By Peter W. Galbraith, a former United States ambassador to Croatia and the author of “The End of Iraq”. He is a principal in a company that does consulting in Iraq and elsewhere (THE NEW YORK TIMES, 23/10/07):
In a surge of realism, the Senate has voted 75-23 to acknowledge that Iraq has broken up and cannot be put back together. The measure, co-sponsored by Joe Biden, a Democratic presidential candidate, and Sam Brownback, Republican of Kansas, supports a plan for Iraq to become a loose confederation of three regions — a Kurdish area in the north, a Shiite region in the south and a Sunni enclave in the center — with the national government in Baghdad having few powers other than to manage the equitable distribution of oil revenues.
While the nonbinding measure provoked strong reactions in Iraq and from the Bush administration, it actually called for exactly what Iraq’s Constitution already provides — and what is irrevocably becoming the reality on the ground.
The Kurdish-dominated provinces in the north are recognized in the Constitution as an existing federal region, while other parts of Iraq can also opt to form their own regions. Iraq’s regions are allowed their own Parliament and president, and may establish their own army. (Kurdistan’s army, the peshmerga, is nearly as large as the national army and far more capable.) While the central government has exclusive control over the national army and foreign affairs, regional law is superior to national law on almost everything else. The central government cannot even impose a tax.
Iraq’s minimalist Constitution is a reflection of a country without a common identity. The Shiites believe their majority entitles them to rule, and a vast majority of them support religious parties that would define Iraq as a Shiite state. Iraq’s Sunni Arabs cannot accept their country being defined by a rival branch of Islam and ruled by parties they see as aligned with Iran. And the Kurdish vision of Iraq is of a country that does not include them.
The absence of a shared identity is a main reason the Bush administration has failed to construct workable national institutions in Iraq. American training can make Iraq’s Shiite-dominated security forces more effective, but it cannot make them into neutral guarantors of safety that the Sunnis can trust. The Kurds ban the national army and police from their territory.
In a reflection of Iraq’s deep divisions, the country’s Shiite prime minister, Nuri Kamal al-Maliki, and the main Sunni parties denounced the Senate vote as a plot to partition Iraq, while Kurdish leaders, along with a leading Shiite party, embraced the resolution precisely because they hope it will lead to the partition.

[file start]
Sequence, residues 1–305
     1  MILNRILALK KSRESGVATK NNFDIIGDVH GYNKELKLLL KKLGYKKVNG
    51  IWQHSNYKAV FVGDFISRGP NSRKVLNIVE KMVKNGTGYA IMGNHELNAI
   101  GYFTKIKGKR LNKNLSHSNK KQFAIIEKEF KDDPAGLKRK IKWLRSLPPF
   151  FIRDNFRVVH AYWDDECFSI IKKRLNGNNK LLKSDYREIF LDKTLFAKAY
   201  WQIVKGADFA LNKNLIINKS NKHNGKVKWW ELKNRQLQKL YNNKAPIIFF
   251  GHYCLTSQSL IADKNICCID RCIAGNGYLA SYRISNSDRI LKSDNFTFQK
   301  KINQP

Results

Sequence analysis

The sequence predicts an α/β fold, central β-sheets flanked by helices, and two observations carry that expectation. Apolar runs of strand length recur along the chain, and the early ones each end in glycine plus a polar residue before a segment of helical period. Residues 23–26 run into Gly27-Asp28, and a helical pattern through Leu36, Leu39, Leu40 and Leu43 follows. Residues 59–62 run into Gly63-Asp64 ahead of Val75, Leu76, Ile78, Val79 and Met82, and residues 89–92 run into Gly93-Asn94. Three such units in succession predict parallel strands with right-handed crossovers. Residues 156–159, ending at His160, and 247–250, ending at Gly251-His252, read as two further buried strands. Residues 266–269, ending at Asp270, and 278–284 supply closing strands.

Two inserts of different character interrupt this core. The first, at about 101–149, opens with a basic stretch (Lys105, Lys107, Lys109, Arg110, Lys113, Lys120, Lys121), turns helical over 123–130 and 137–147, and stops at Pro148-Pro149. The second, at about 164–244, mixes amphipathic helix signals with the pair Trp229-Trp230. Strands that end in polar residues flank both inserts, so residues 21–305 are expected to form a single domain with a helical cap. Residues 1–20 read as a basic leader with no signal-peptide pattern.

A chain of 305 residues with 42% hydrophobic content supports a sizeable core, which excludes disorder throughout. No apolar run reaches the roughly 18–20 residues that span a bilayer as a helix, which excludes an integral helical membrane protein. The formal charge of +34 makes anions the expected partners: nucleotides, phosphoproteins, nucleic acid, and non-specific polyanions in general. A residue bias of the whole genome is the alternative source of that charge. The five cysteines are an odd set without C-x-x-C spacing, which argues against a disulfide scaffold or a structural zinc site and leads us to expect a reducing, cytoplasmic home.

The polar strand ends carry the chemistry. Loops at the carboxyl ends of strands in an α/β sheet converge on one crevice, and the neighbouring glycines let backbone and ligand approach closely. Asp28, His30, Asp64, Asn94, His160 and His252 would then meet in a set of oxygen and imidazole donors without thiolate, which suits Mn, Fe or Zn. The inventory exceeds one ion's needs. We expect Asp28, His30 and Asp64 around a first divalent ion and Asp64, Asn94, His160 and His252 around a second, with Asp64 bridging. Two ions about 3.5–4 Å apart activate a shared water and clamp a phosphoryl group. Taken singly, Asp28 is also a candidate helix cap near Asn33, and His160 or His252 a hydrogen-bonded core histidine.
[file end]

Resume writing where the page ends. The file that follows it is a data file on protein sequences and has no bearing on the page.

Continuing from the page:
Senator Biden, probably the best-informed member of Congress on Iraq, insists that loose federalism, not partition, is his goal. He makes an analogy to Bosnia, where the 1995 Dayton agreement has kept that country together by devolving most functions to ethnically defined entities. He has a point: Iraq’s Kurdish leaders are willing to remain part of Iraq for the time being because Kurdistan already has all attributes of a state except international recognition.
But over the long term, the former Yugoslavia and the Soviet Union are better analogies to Iraq than Bosnia. Democracy destroyed those states because, as in Iraq, there was never a shared national identity, and a substantial part of the population did not want to be part of the country.
So we should stop arguing over whether we want “partition” or “federalism” and start thinking about how we can mitigate the consequences of Iraq’s unavoidable breakup. Referendums will need to be held, as required by Iraq’s Constitution, to determine the final borders of the three regions. There has to be a deal on sharing oil money that satisfies Shiites and Kurds but also guarantees the Sunnis a revenue stream, at least until the untapped oil resources of Sunni areas are developed. And of course a formula must be found to share or divide Baghdad.
At the regional level, Iraq’s neighbors have to be reconciled to the new political geography. The good news is that partition will have the practical effect of limiting Iran’s influence to southern Iraq and parts of Baghdad.
Turkey, understandably angry over terrorist attacks by a Turkish Kurdish rebel group, the Kurdistan Workers Party, has in recent days threatened to strike at the group’s sanctuaries on the Iraqi side of the mountainous border. In general, however, Turkey has adopted a pragmatic attitude toward the emergence of a de facto independent Kurdistan, in part by supporting the Turkish companies that now provide 80 percent of the foreign investment in Iraqi Kurdistan.
Those who still favor a centralized state like to insist that partition would further destabilize the country. But current events suggest otherwise. Iraq’s most stable and democratic region is Kurdistan. In Sunni-dominated Anbar Province, the Americans abandoned a military strategy that entailed working with the Shiite-dominated Iraqi Army and instead moved to set up a Sunni militia. The result has been gains against Al Qaeda and a substantial improvement in local security.
Let’s face it: partition is a better outcome than a Sunni-Shiite civil war. There is, in any event, little alternative to partition. Iraq cannot be reconstructed as a unitary state, and the sooner we face up to this reality, the better.